Here's a challenge question I often put to my risk students:
If you are challenged by your sponsor (or circumstances) to take a risk on a new and unproven technology, process, or supplier/partner for your project, what is your likely attitude
1. Would you be more likely to put it on the risk register to be managed, or
2. To evaluate it as an opportunity to be exploited, shared, accepted, or enhanced?
I make the point: There's no school answer; there's no "right" answer.
A student replied:
- 1) Depends on the inherent risk culture of the company. Is it risk adverse or not? Risk adverse companies I notice tend to more setup up project KPIs whereby it's in the PM's benefit to keep a tight rein on any possible new circumstances and almost treat any deviation as a negative one that must be controlled immediately.
- 2) Support from your project sponsor and overall stakeholders. This probably fits into point 1 above, however is your sponsor okay with the project possibly running over budget /schedule to see the introduction of the new concept or okay for the project to be possibly re-baselined? Do your stakeholders see this as a positive introduction, negative introduction or just plain neutral to the whole thing
- 3) Depends on when the introduction of the circumstance occurs. If the new technology, process... is introduced in the early stage of the project (e.g. project initiation or even planning) I would see it more as an opportunity to be exploited. Otherwise, treat it as a risk and apply it to the risk register.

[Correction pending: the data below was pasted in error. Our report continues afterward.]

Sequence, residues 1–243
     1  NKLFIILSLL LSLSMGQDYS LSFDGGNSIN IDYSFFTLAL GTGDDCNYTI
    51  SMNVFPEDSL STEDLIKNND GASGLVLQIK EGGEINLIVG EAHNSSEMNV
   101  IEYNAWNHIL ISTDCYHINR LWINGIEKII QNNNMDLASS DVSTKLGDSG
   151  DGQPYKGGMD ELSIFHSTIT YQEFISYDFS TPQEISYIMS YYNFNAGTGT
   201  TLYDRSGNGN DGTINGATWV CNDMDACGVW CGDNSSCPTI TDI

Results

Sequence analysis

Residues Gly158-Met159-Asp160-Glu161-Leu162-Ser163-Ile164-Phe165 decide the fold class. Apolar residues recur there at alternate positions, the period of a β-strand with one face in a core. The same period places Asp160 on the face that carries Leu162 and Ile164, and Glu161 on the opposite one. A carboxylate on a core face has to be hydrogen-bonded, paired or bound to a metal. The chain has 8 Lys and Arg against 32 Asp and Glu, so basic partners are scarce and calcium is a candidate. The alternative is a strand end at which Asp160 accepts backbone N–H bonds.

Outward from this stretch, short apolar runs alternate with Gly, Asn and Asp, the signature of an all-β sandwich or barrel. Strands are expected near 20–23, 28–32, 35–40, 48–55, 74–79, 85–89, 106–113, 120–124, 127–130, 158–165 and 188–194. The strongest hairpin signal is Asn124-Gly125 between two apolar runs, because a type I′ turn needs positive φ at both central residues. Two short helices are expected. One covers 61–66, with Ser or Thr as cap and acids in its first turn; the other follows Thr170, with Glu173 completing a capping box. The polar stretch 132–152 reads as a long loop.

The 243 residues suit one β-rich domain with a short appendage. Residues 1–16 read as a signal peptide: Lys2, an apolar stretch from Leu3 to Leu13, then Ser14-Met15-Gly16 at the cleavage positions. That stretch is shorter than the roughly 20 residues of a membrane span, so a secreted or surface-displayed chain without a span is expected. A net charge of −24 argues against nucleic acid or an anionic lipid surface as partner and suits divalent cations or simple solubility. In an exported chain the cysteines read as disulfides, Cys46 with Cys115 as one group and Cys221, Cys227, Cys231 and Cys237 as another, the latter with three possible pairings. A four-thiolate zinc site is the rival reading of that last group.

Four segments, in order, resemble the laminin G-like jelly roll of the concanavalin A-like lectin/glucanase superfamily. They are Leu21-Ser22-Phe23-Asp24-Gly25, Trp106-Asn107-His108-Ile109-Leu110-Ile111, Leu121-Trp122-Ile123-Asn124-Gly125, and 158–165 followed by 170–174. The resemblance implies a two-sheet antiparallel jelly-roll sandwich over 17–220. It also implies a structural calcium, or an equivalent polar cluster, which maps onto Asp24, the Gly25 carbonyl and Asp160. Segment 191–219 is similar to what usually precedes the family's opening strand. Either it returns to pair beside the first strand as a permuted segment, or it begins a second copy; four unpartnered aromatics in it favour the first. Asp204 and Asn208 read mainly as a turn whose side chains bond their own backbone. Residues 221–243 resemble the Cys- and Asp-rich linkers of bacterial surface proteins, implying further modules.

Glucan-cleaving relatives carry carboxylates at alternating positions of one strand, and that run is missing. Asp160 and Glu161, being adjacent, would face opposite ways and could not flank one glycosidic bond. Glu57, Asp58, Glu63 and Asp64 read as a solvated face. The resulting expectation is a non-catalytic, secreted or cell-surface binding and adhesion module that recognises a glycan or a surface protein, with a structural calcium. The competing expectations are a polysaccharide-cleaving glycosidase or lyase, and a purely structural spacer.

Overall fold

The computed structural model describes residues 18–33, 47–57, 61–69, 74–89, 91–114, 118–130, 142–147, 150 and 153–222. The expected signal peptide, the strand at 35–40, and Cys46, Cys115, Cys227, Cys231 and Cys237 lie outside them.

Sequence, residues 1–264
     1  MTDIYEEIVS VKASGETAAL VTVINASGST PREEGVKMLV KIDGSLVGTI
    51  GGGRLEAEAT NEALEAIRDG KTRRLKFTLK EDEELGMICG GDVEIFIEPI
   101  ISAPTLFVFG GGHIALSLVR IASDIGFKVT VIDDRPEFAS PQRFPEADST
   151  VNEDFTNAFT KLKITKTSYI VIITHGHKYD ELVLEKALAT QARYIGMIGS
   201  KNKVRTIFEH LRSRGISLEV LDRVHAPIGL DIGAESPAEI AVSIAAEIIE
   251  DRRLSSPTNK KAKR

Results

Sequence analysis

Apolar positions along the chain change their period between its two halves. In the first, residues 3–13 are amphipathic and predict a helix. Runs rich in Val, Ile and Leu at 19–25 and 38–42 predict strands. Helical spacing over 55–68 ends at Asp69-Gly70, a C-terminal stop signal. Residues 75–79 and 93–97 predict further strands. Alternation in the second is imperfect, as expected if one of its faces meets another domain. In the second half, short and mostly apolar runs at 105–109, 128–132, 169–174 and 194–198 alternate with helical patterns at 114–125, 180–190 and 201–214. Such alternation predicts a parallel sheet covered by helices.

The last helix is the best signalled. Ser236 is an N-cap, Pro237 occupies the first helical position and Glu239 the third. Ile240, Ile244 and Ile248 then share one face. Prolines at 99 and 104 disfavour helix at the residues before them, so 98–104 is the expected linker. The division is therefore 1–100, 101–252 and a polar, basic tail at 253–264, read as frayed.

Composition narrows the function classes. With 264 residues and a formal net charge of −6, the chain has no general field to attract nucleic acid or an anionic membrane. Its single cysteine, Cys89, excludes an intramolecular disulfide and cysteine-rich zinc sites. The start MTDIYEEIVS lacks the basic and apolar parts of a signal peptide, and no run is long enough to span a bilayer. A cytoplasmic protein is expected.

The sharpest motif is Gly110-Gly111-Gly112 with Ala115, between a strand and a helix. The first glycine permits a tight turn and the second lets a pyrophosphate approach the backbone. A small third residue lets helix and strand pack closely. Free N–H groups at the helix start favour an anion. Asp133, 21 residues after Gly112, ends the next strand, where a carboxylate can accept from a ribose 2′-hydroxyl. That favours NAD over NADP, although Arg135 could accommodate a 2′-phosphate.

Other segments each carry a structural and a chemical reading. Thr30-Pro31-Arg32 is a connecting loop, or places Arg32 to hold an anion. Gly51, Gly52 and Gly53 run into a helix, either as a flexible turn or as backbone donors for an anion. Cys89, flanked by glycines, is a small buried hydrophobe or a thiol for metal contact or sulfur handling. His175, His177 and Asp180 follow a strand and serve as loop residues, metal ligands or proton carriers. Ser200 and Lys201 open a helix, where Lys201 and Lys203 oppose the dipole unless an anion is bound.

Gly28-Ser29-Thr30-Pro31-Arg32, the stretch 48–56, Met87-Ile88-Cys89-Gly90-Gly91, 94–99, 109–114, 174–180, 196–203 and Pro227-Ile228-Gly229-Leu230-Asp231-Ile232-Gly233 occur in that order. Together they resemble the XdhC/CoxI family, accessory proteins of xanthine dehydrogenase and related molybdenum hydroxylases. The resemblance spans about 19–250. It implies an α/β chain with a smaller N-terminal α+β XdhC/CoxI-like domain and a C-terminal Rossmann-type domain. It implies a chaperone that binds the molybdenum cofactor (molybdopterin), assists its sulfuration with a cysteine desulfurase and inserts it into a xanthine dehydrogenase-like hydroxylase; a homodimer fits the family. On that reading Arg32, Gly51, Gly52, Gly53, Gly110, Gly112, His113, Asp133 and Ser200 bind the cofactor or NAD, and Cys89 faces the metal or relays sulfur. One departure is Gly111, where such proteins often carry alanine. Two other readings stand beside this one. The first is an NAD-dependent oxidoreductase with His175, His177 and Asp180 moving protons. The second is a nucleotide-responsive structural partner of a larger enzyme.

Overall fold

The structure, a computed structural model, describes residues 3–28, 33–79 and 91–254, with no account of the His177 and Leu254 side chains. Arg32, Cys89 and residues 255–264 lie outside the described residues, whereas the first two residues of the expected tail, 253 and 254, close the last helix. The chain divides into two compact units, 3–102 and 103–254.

The theme of reward/punishment or risk/payoff that runs through your comments is at the heart of the discussion question.
Your observation seems to be: That PMs are often -- too often perhaps -- scored/rated/rewarded on fidelity to the "input" side of projects. That is, they are scored/rated/rewarded on the volume of resources consumed/invested -- cost, schedule, plant/equipment, hours.
I agree (with the student); this is the way many scorecards are set up and the way many comp plans are drawn. That's too bad. The true value of the project is on the "output" side: Deliverables useful to the business for which the project investment "was worth it".
Thus sponsor attitude is a key factor, as you (the student) note. But is your specific sponsor an investor or a resource manager?
The former takes risks; the latter is averse. The former is more output focused -- results with value; the latter is all about delivering according to the plan -- the plan uber alles. If an investor, hopefully they are endowed with judgment and wisdom is required on the part of the investor, thus to not preside over the rags--riches-- rags cycle of bust-boom-bust.
Understanding which risk culture you are a part of is key to your (the student) personal success, though the rogue -- if successful -- is often celebrated for both bravery and foresight... if you have the stomach for it.
Read in the library at Square Peg Consulting about these books I've written
Buy them at any online book retailer!
Read my contribution to the Flashblog